Obama’s Broken Promises To Those Of Us On The “G” List

Kathy Griffin talks about being on a “D” list as opposed to the Hollywood “A” list and it’s funny. But I’m on a list not so funny and much further down, not in celebrity but in life. I’m on the “G” list. That list of Gay Americans who are treated like less than second class citizens. Who pay more taxes to our government because we don’t get any of the tax incentives or breaks married people do and yet when it comes to having laws to give me equal rights I’m told to “be patient” when I don’t think straight people would be patient one bit if they were being treated as the gays continually are by lawmakers. So now President Obama has signed a memo stating that same sex partners of government employees can sign up for a special insurance program if their spouse has a long term illness such as Alzheimer’s and that they can take sick time if the child that they’re parenting is ill. Read that last sentence again and then tell me why anyone is surprised that gays and the people who love them or even just feel that they should have equal rights shouldn’t be upset and call the President out on this one. I don’t usually share intimately personal stories but I feel compelled in this case. My life on the “G” list – Don’t Get Me Started!

At my former place of employment, my spouse (of over twenty years who happens to be the same sex as me) was given health benefits through the employer of over 1500 employees. Of course the portion that the company paid in was added to my salary and I was taxed on those contributions at the end of the year but he had benefits and we were grateful. When I went to the company where I currently work they were such a small company that we found we had an obstacle. The state laws say that the insurance companies do not have to offer domestic partner benefits so they don’t unless the company has something like 100 employees. Not a problem, my partner went on Cobra and my very generous employer who feels that domestic partners should be covered, paid those payments. Eighteen months have passed and the company has not grown enough to make it worthwhile for the insurance companies to offer domestic partner benefits.  My partner’s insurance coverage through Cobra about to run out, I went to our insurance broker to find the best policy available for a “single” man of a certain age.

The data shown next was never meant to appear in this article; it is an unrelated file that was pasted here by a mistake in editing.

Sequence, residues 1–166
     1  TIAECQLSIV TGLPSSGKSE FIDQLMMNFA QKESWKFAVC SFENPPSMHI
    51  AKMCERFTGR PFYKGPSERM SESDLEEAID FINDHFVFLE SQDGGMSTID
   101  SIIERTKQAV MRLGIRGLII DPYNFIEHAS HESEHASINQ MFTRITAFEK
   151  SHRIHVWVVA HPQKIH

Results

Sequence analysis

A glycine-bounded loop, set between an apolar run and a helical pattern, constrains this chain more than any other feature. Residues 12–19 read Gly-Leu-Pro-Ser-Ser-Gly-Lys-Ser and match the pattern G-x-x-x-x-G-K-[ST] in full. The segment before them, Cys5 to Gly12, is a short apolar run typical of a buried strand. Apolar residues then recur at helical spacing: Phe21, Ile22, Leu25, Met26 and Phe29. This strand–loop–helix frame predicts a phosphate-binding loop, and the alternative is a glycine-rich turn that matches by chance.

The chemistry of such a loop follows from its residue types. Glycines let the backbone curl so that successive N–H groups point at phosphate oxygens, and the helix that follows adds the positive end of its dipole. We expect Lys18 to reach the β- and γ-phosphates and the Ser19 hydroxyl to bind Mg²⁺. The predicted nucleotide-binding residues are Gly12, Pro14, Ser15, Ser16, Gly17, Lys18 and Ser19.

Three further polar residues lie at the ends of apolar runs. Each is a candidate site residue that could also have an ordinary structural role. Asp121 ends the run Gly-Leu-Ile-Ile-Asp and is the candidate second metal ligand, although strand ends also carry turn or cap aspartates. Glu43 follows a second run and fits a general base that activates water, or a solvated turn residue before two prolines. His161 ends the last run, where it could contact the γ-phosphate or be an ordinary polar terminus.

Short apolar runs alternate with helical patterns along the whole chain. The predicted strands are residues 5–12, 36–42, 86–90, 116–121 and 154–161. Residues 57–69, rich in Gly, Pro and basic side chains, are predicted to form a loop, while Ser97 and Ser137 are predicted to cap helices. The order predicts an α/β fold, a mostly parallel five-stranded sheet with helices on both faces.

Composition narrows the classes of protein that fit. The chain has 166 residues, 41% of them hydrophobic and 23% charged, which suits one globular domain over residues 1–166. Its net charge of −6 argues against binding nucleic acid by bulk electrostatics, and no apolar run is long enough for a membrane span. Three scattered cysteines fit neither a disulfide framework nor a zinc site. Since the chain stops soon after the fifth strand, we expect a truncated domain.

I handle the administration of the benefits for my current company and I was grateful that our broker agreed to assist me but I have to tell you, going through the process was what I imagine it’s like for anyone who has ever been discriminated against. As he explained the policy and how much it was going to be (almost double my insurance) because my spouse wasn’t part of a company plan or what have you I felt something that never happens at the office. I felt the tears welling in my eyes. Now while some may think of this as weakness or a gay who is unable to be a “man” about his emotions, I assure you that this is not the case. What hit me like a ton of bricks was that no matter how great my employer is or their intent, the laws are meant to keep gays below everyone else. You say it’s not a social discrimination like Blacks have had and I tell you you’re wrong. Don’t tell me that if I would just “straighten up and eat pussy” I could have anything I wanted. Don’t tell me I’m a sexual deviant. I’ve been with the same man (and only that man for over twenty years) I’ve devoted my life to him and he’s devoted himself to me. He’s been there for me in a way that some of you straight people could only wish for a spouse to care for you. And yet here I was hoping my partner would be “accepted” by the same insurance carrier that his current coverage is through and not knowing if he would get the insurance or not. (We’re still waiting to hear) While the married men in my office can quickly just jot down their wife’s social security number and date of birth, my spouse (and therefore I) am excluded from the club. While their wives could have every disease in the book and it not matter, we have to worry if the fact that my spouse has exercise induced asthma and is on medication for it will have to pay an additional 50% of the standard premium each month just to become an insured person with the carrier who has covered him for the past ten years. He’s never had a lapse in coverage, we’ve paid the dues and yet we’re still not a member.